Well, I think he was kind of surprised and kind of shocked, you know. And he said, he said, “No, oh no!” He said, “If you don’t mind, would you come to the back and talk to me?” So we went to the back room, and he had a little cubbyhole of a kind of an office back there, shut out from everybody. And he closed the door and sat down with me. And you wouldn’t believe what he said.
He said to me, he said, “I was reared in a Christian home, and I had a godly father and mother. And I was converted when I was a youth, and I was baptized in the Baptist church back home.” And he said, “I have strayed away, and away, and away, and have gone down, and down, and down until finally you see me as I am, running this dive, this joint. But,” he said, “there has not been a more miserable man that lives in this world than I am. I’m in the wrong place. I’m doing the wrong thing, and I am unhappy and miserable in it.”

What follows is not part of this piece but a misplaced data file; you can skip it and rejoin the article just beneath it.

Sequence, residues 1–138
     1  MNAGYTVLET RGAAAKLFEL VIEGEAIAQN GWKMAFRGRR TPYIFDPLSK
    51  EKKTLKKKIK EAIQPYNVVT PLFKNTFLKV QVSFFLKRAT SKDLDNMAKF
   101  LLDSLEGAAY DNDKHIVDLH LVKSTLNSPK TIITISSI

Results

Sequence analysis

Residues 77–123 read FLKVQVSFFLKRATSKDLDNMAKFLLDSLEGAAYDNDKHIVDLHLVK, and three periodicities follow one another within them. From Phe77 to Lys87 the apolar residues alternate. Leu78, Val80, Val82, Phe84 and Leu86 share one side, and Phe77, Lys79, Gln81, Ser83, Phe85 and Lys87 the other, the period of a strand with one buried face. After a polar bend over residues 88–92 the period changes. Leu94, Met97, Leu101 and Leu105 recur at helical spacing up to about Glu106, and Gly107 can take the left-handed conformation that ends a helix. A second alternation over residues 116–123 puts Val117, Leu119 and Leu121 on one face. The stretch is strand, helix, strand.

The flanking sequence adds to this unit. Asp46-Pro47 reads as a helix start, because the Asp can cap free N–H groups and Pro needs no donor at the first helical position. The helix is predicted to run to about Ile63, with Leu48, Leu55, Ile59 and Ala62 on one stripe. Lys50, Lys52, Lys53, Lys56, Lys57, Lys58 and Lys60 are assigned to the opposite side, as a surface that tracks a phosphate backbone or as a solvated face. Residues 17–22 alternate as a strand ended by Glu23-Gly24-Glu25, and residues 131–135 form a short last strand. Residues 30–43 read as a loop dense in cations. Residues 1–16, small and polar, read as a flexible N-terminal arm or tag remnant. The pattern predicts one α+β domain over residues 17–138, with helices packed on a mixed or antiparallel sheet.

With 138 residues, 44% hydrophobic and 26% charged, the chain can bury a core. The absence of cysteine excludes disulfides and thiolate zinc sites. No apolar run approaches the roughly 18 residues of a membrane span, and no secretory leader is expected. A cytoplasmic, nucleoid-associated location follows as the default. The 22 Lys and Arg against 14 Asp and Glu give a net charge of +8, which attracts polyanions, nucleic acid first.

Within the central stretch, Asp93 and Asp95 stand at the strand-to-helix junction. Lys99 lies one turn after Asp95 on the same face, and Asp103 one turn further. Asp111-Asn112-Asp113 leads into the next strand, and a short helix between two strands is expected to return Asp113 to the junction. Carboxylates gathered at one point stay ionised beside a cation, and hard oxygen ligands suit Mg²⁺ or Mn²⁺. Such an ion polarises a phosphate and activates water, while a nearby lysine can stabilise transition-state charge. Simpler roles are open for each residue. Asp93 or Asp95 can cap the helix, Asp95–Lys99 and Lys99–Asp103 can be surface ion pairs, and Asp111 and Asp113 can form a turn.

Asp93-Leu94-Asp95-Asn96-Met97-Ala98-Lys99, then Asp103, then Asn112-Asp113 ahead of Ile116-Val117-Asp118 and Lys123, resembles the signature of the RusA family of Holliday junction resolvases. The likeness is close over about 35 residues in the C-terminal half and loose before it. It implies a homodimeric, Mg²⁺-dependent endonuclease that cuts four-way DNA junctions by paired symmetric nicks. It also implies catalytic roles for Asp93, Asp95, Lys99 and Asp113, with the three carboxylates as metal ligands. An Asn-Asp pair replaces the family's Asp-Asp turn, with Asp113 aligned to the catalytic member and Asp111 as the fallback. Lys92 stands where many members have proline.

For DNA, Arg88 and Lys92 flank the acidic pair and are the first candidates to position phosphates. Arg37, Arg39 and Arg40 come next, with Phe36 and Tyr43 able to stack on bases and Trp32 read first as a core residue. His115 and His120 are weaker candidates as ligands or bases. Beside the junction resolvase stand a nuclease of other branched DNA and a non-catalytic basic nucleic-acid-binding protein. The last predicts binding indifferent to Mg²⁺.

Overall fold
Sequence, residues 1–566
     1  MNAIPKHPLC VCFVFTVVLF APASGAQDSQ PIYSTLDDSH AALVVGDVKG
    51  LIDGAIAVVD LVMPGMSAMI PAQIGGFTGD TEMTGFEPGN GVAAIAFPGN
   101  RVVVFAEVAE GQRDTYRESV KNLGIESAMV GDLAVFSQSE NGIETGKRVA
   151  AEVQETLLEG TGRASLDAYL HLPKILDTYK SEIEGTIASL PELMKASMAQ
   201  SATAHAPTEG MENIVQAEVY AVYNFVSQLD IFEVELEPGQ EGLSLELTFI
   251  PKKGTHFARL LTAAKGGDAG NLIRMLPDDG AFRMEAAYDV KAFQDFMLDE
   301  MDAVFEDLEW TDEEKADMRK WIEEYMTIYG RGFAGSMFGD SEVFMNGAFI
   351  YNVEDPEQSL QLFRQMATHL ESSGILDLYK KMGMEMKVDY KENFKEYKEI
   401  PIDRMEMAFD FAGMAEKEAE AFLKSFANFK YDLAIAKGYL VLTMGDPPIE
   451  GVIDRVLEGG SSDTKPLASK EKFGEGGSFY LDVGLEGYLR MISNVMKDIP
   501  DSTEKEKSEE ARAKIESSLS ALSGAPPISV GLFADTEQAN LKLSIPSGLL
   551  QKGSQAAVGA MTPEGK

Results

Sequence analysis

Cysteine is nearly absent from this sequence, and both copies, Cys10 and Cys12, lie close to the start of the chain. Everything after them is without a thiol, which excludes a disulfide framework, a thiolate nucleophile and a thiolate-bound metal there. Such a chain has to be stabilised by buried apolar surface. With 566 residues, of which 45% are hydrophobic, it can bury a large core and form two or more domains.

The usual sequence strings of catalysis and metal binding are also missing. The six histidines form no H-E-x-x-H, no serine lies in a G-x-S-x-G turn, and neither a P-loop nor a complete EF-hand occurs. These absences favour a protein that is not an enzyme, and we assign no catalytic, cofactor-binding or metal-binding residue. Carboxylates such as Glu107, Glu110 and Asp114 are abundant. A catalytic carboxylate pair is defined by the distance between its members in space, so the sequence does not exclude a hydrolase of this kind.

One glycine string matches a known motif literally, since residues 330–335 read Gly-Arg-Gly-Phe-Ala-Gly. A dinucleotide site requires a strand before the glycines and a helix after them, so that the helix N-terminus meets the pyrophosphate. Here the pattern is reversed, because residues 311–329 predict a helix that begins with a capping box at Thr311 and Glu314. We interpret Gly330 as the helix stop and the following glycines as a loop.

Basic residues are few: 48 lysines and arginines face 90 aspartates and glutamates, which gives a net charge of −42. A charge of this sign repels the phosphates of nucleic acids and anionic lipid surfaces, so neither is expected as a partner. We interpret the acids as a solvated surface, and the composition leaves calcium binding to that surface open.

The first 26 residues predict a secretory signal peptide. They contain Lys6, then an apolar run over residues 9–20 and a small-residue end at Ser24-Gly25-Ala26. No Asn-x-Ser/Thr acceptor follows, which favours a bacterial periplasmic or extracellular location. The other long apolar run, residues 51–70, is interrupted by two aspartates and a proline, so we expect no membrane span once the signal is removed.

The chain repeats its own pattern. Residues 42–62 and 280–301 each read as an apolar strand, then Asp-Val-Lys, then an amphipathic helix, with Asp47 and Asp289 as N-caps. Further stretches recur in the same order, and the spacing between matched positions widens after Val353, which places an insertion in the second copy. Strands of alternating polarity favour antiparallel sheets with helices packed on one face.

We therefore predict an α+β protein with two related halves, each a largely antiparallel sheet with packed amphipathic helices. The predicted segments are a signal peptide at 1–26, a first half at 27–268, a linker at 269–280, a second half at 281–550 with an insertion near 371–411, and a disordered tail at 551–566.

“Well,” I said, “fellow, that’s the sure sign that you’re a child of God. Anybody who lives in a steamy, gutter world and enjoys it has never known God, but if you’ve ever belonged to the family of the Lord, and live a life like that, you are miserable, no matter who you are, because you’ve been born again.” And I said to him, “Fellow, why don’t you come down to the church, and when I give the invitation, walk down that aisle and stand there and face those people and tell them what you are doing, and ask them to stand by you as you give up this life and begin anew with the Lord. Then sell this place—get rid of this thing, give it away—and follow God’s will for you in this community and in this church.”
He said, “I will.”